WHAT ARE THE TYPES OF ALTITUDE SICKNESSES?
Mountain sickness is a problem that can affect people who live or travel to places with high altitudes because of a lack of oxygen in the air. Lets hope that you never have to deal with any sort of altitude sickness during your travels. However, if you or someone traveling with you is feeling unwell at higher elevations, be aware that there are three levels of altitude sickness: mild, moderate, and severe.
3 LEVELS OF ALTITUDE SICKNESS
Acute mountain sickness (AMS) is the mildest form, and it’s very common. The symptoms can feel like a hangover — dizziness, headache, muscle aches, nausea.
High-altitude pulmonary edema (HAPE) is a fluid buildup in the lungs that can be very dangerous and even life-threatening. Fluid buildup is the most common cause of death from altitude sickness.
High-altitude cerebral edema (HACE) is the most severe form of altitude sickness and happens when there’s fluid in the brain. It, too, is life-threatening, and you need to seek medical attention right away.
HOW BEING AT HIGH ALTITUDE AFFECTS THE BODY
When we go up higher, the air gets “thinner,” which means there is less pressure. The air is less dense, so there is less oxygen in each volume of air. As a result, you need to breathe more deeply at higher elevations.
If you’re not acclimated to high elevations, this shift in air oxygen levels can reduce the amount of oxygen in your blood and brain, causing physical altitude sickness symptoms. Also referred to as Acute Mountain Sickness, (AMS), or soroche as it’s known to locals.
HIGH ALTITUDE AND RED BLOOD CELLS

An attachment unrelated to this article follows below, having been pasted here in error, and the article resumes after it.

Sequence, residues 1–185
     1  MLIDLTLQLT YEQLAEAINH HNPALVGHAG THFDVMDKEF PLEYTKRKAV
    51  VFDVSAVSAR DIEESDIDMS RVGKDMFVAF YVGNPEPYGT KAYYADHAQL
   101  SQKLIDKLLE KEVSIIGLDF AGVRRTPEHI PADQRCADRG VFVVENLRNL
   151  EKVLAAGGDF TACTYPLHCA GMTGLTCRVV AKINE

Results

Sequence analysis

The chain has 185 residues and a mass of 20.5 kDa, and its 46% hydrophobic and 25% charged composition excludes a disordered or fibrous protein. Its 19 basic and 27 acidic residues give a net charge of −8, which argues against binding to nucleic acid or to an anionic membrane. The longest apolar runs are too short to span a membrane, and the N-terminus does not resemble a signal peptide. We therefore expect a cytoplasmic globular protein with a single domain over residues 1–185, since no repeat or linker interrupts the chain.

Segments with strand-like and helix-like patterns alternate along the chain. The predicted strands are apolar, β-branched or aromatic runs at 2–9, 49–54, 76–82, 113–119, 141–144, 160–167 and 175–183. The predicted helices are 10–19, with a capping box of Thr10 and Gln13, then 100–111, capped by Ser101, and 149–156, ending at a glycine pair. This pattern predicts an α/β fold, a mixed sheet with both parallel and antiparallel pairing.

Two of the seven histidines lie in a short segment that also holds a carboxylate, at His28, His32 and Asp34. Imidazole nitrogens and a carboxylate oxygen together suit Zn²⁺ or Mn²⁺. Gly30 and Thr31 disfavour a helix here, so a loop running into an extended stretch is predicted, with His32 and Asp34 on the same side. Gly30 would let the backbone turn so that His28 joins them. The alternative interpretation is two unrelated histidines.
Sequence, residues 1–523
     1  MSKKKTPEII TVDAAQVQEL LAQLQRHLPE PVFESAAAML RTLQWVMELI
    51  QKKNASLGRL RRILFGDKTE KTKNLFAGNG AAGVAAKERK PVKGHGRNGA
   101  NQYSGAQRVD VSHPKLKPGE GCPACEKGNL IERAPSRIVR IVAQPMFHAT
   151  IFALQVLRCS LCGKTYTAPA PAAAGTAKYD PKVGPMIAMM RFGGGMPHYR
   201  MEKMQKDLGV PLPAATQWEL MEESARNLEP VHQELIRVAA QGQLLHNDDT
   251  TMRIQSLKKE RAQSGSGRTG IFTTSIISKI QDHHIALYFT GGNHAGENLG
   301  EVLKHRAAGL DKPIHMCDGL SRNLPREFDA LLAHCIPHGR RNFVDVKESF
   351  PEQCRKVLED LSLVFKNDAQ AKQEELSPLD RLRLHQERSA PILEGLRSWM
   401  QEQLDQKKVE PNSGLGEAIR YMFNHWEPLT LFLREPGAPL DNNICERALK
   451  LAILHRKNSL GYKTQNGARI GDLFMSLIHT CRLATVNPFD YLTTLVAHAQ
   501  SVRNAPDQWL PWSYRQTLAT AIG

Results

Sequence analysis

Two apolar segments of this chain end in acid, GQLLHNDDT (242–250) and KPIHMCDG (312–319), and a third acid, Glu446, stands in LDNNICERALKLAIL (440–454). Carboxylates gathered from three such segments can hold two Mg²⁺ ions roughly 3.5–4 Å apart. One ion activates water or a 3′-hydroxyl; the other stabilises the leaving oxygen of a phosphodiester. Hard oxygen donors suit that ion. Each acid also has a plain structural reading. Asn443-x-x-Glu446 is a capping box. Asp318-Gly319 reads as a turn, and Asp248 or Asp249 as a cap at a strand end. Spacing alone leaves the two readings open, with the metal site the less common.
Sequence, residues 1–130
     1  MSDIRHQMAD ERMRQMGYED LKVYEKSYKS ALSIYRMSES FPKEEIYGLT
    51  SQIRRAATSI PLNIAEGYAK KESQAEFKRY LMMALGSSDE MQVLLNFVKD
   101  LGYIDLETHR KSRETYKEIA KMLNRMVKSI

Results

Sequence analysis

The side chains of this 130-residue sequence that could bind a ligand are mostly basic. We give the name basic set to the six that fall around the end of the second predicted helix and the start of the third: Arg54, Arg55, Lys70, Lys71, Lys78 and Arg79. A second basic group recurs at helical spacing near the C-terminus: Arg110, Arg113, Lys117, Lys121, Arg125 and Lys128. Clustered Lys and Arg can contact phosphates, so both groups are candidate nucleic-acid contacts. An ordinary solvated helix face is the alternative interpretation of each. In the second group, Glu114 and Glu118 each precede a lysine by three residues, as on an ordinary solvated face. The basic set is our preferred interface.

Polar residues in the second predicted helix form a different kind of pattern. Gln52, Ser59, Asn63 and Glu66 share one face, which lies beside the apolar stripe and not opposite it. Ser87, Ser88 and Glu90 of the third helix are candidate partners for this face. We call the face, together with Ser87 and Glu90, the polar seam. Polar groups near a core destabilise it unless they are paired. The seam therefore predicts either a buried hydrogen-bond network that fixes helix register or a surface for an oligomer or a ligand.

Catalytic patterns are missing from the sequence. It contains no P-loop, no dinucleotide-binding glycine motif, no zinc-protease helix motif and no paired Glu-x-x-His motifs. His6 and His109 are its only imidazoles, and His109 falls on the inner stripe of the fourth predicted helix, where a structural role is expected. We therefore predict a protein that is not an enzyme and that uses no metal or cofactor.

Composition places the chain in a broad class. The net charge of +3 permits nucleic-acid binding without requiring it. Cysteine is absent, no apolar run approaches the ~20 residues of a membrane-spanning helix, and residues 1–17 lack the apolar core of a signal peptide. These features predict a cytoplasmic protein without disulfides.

The quantity of hemoglobin in the blood rises at high elevations. The increased hemoglobin is one of the most recognized indications of acclimation to higher places. An increased amount of hemoglobin in the circulation allows for a greater amount of oxygen to be transported throughout the body.
HIGH ALTITUDE TRAINING
I’m sure you’ve heard of professional athletes spending time training at high altitudes. Training at high altitude gives athletes a bit of an advantage over their competition because elevation-induced changes in red blood cells can improve their ability to manage low oxygen levels. After athletes have spent time training at high altitudes they head to a competition at lower elevations to take advantage of their changed physiology and beat out their competition.
IT TAKES TIME TO ACCLIMATE TO THE ALTITUDE CHANGE
Don’t expect to be a rockstar taking a win at every competition overnight if you’re training at a high altitude. People have to slowly acclimate to the higher elevations, if you try to do things too fast your body may end up paying for it. The absolute best thing you can do to acclimate your body to the changes is to rest and hydrate by drinking tons of water. (I’m mentioning water so people don’t overindulge on any yummy Pisco Sours that will give you a hangover reversing our efforts to acclimate properly to the elevation).
WHAT CAUSES ALTITUDE SICKNESS OR “SOROCHE”?
The simplest way to explain what causes altitude sickness is it happens when a person travels to a high altitude without gradually acclimatizing. It is most prevalent at 8,000 feet or higher. The unfortunate thing about altitude sickness is that you never know when it will creep up on you, so you need to be aware of the symptoms and know what to do if you or someone you’re traveling with is experiencing altitude sickness.
WHAT IS THE HIGHEST POINT IN PERU?
The highest point in Peru, Huascarán Sur, rises to 22,132 feet (6,746 m), making it the country’s tallest peak. The Nevado Huascarán is located in the Yungay province, within the Cordillera Blanca mountain range.
Are you excited to explore more around the area of Cusco? Don’t miss the full-day tour to Rainbow Mountain. You will be absolutely amazed by the colors. Learn more here